By Cathy Hackl, Futurist & Author of The Augmented Workforce
Augmented reality (AR) is no longer a technology of science fiction, but a valuable tool that benefits industries from retail to manufacturing to aerospace and defense. Within the defense industry in particular, AR plays a key role in prototyping assets before they’re ever deployed, monitoring and maintaining equipment in the field, training programs, and more. It is more than just a one-off solution, companies are integrating it within their current ecosystems that include artificial intelligence, IoT connected devices , 5G integrations, and cloud computing.
The global augmented reality market is estimated to reach USD 65.22 billion by 2027. The global pandemic disrupted defense supply chains and manufacturing around the world, and with social distancing, restricted travel, fewer on-site staff, and lack of training tools, AR technology is equipped to help fill in the gaps. The global pandemic forced many aerospace and defense organizations to fast-track the technology they use and upgrade their systems of communication and collaboration. “In an environment where we share the night, the folks who can move faster, decide faster and think faster are the ones who have the advantage on today and tomorrow’s battlefield,” said Brigadier General David Hodne, leader of the U.S. Soldier Lethality Cross-Functional Team. While Brig. Gen. Hodne was speaking to the United States Integrated Visual Augmentation System (an AR heads-up display that facilitates battle training), his advice rings true of the trend for AR in the defense industry as a whole.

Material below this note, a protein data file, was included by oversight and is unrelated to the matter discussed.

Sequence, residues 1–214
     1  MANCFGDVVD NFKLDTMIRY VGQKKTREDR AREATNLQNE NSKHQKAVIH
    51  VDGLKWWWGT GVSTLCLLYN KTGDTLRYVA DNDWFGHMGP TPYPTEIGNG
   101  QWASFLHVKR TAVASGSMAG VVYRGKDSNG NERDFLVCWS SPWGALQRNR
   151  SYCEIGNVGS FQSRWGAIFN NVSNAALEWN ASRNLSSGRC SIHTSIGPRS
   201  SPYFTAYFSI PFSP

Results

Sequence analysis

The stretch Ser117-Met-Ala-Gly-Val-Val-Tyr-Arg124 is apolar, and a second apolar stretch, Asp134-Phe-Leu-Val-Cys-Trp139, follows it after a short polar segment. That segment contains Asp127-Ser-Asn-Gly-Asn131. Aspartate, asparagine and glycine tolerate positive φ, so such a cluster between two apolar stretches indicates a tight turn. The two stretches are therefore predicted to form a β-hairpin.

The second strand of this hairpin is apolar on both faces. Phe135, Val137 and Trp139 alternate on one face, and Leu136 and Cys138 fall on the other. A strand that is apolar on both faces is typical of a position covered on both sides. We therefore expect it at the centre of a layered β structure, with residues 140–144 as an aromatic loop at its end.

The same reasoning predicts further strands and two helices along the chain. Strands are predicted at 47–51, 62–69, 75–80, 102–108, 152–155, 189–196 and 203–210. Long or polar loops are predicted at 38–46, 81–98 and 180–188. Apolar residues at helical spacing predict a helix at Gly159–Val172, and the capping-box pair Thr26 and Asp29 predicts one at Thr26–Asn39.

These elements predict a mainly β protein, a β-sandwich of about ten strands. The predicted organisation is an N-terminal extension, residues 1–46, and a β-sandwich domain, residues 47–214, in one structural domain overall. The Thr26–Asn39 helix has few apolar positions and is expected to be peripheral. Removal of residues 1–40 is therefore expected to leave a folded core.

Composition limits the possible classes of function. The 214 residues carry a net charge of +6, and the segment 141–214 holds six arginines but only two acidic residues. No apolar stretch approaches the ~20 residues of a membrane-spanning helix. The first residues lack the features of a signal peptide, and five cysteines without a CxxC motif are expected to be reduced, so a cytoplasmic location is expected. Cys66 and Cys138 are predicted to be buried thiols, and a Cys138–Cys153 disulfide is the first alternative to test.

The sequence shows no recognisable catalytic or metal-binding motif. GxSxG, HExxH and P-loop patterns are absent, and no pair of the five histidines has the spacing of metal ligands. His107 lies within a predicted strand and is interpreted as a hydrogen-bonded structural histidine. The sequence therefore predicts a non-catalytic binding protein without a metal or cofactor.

Using Librestream’s Onsight AR solution, one defense integrator was able to fix two downed assets over a weekend. The in-field tech used augmented reality to contact subject matter experts off location to fix the asset so that it was up before the client came into work. Augmented reality– enabled employees at another defense integrator to “be at the scene” of a transport accident and determine only the necessary individuals that needed to physically travel to the site, saving time and money, and increasing employee satisfaction.
It doesn’t take heavy investment in AR headsets to get the benefits of augmented reality technology. Technological advances make smartphones work great for on-the-go, mobile AR. Smart glasses and other mobile handheld devices, like AR– enabled tablets, are efficient for deploying AR in training, on the shop floor, or in the field. When investing in augmented reality for the first time, look for software that runs across multiple devices. If you don’t have an AR headset or smart glasses yet, you can start with the software on smartphones and upgrade at a later time if needed.
While AR technology is no longer science fiction, we’re still in the early days of adoption, despite AR being used in defense applications for many years. The future of defense and intelligence strategy will rely on innovative technology like AR, artificial intelligence, wearables and more.